BioWorld International Correspondent
LONDON - Astex Technology Ltd. raised £23 million (US$38.9 million) through its acquisition of German genomics company MetaGen Pharmaceuticals GmbH with its £15 million cash, and by raising £8 million from existing investors.
The value of the all-share deal between the two privately held companies was not disclosed, but Tim Haines, CEO of Astex, told BioWorld International that the shareholders of MetaGen will own less than 25 percent of the merged company. Those are Schering AG, which spun out Berlin-based MetaGen as a wholly owned subsidiary in 1996, as well as Apax Partners and HypoVereinsbank, which took the company independent in March 2001 in a €44.6 million funding, making MetaGen the largest spin-out from a German pharmaceutical company.
Haines said, "Much of the cash in MetaGen is tied up in current programs, but £15 million net will come to Astex." The MetaGen facility in Berlin will be closed, with some of the 40-person staff expected to move to Astex's headquarters in Cambridge, UK.
The £8 million of new money from existing investors - Abingworth Management Ltd., Oxford Bioscience Partners, Advent International Corp., Alta Partners and GIMV - was not dependent on Astex's takeover of MetaGen.
"They were looking to support the company, and we are delighted by this reflection of their support in wanting to maintain their stake in Astex," Haines said. Previously, the five firms invested £28.4 million in Astex in two rounds in 2001.
Haines said, "This obviously gives us cash for a significant period of time. We don't see the IPO window opening up very quickly, but we want to be ready [for an IPO] with compounds in the clinic by the end of next year."
Astex's chairman, Peter Fellner, has been behind most of the consolidation in the UK biotech sector this year. He took over Oxford GlycoSciences plc just before he resigned as CEO of Celltech Group plc. As executive chairman of British Biotech plc, he merged that company with RiboTargets Holdings plc and Vernalis plc, under the Vernalis banner.
Haines said Astex and MetaGen first met two years ago, but the realization of the need for a merger came from MetaGen's shareholders.
"MetaGen has done very well and been very successful in target discovery and identification in oncology, but it is now recognized that it is not good enough just to have targets," Haines said. "MetaGen fits in very well with Astex, with our discovery programs with pharma companies and our early stage compounds, developed around a variety of targets."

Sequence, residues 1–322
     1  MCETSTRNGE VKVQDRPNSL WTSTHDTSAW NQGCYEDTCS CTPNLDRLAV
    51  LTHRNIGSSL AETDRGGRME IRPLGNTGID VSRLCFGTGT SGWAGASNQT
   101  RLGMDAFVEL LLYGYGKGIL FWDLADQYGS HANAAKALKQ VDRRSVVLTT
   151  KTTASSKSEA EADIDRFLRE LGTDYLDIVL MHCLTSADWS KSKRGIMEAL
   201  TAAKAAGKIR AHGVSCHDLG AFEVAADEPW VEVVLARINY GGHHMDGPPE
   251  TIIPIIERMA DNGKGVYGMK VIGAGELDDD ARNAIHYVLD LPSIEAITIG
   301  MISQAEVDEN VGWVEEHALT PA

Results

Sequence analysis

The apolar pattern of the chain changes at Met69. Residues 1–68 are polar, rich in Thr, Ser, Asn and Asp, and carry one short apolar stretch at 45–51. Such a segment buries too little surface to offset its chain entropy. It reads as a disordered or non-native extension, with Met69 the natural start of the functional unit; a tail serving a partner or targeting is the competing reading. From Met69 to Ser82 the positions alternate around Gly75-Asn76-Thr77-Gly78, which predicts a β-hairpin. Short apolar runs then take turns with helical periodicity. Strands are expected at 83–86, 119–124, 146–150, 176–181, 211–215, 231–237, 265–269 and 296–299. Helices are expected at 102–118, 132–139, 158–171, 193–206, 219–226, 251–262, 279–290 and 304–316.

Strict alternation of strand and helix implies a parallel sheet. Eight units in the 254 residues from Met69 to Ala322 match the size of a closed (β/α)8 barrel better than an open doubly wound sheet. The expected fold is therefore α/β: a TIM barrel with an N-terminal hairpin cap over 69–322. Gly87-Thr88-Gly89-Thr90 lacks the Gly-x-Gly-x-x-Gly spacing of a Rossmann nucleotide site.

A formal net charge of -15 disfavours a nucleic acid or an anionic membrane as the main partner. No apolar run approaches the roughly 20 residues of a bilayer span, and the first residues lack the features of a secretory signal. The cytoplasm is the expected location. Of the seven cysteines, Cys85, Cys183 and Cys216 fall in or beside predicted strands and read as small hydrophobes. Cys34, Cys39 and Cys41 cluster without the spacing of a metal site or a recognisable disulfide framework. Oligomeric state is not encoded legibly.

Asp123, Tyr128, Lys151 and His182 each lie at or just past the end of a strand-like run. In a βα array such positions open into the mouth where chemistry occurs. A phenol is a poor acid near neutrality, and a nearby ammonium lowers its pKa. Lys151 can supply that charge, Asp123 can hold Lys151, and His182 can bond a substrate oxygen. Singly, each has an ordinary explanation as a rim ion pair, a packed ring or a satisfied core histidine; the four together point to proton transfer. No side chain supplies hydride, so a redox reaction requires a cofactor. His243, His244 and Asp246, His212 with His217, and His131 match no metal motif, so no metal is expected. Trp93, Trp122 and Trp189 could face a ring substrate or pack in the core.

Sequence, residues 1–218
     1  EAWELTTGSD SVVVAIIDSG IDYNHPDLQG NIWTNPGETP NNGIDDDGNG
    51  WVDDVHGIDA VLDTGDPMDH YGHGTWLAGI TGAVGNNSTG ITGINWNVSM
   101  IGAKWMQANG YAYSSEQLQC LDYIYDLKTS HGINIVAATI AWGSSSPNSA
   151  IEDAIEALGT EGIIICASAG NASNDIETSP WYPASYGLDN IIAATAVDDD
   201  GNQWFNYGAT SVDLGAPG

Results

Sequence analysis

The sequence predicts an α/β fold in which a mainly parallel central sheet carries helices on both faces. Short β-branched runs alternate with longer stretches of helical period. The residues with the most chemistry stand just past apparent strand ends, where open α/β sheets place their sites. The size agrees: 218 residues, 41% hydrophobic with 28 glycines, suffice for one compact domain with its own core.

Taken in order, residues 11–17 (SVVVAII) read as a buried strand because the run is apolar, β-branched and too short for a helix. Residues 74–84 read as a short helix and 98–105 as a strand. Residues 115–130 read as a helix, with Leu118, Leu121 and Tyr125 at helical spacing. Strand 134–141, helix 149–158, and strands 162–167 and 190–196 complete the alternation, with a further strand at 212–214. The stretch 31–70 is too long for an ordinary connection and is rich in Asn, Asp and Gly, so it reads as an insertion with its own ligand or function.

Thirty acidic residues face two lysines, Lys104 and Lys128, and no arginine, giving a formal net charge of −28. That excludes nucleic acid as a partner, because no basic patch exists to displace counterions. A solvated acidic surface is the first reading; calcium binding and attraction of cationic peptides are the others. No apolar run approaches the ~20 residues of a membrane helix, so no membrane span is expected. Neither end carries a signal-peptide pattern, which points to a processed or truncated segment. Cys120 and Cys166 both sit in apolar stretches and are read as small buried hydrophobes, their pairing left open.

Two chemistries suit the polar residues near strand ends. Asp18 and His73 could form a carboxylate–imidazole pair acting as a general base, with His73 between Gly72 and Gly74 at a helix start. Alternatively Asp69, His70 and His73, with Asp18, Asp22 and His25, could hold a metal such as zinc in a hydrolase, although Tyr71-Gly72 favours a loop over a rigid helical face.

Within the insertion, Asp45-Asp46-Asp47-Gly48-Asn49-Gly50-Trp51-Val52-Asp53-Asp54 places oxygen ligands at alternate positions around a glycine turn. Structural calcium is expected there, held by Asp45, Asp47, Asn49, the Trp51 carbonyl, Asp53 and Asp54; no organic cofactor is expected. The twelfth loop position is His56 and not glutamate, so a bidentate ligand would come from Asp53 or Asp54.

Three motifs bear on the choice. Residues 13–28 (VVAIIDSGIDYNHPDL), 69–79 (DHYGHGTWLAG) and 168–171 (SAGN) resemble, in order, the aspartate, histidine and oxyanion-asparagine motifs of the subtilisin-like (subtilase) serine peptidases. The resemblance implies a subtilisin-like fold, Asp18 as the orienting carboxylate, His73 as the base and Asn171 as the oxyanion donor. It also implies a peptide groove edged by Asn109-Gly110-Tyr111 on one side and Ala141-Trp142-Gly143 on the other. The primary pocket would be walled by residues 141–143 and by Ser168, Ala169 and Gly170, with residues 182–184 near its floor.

Astex has an existing partnership with Schering that it says will be strengthened by the MetaGen takeover.
To date, Astex has used its structure-based drug discovery platform, which includes a high-throughput X-ray crystallography capability, to discover compounds against public domain targets in which the biology is well validated, but which have not been amenable to traditional high-throughput screening.
The value of that approach was demonstrated in March when Astex signed a $40 million deal with AstraZeneca plc, of London, to discover drugs against the well-known Alzheimer's disease target beta-amyloid precursor protein-cleaving enzyme, which mediates the deposition of amyloid plaque. Astex received its first milestone payment related to the deal in September.
The £23 million of new money will allow Astex to take its own compounds forward and to work on some of MetaGen's proprietary targets in the hope of greater returns. Haines said it was too early to comment on which of MetaGen's 1,000-odd targets would be taken forward.
"We have a novel way of coming up with lead compounds to targets where the biology is known but which have previously proved difficult to work with," Haines said. "In the future we will use proprietary targets from MetaGen to take more risk in return for greater reward."
Astex will take compounds to Phase II work before licensing them. "We increasingly see this is the point at which pharma wants to invest," Haines said.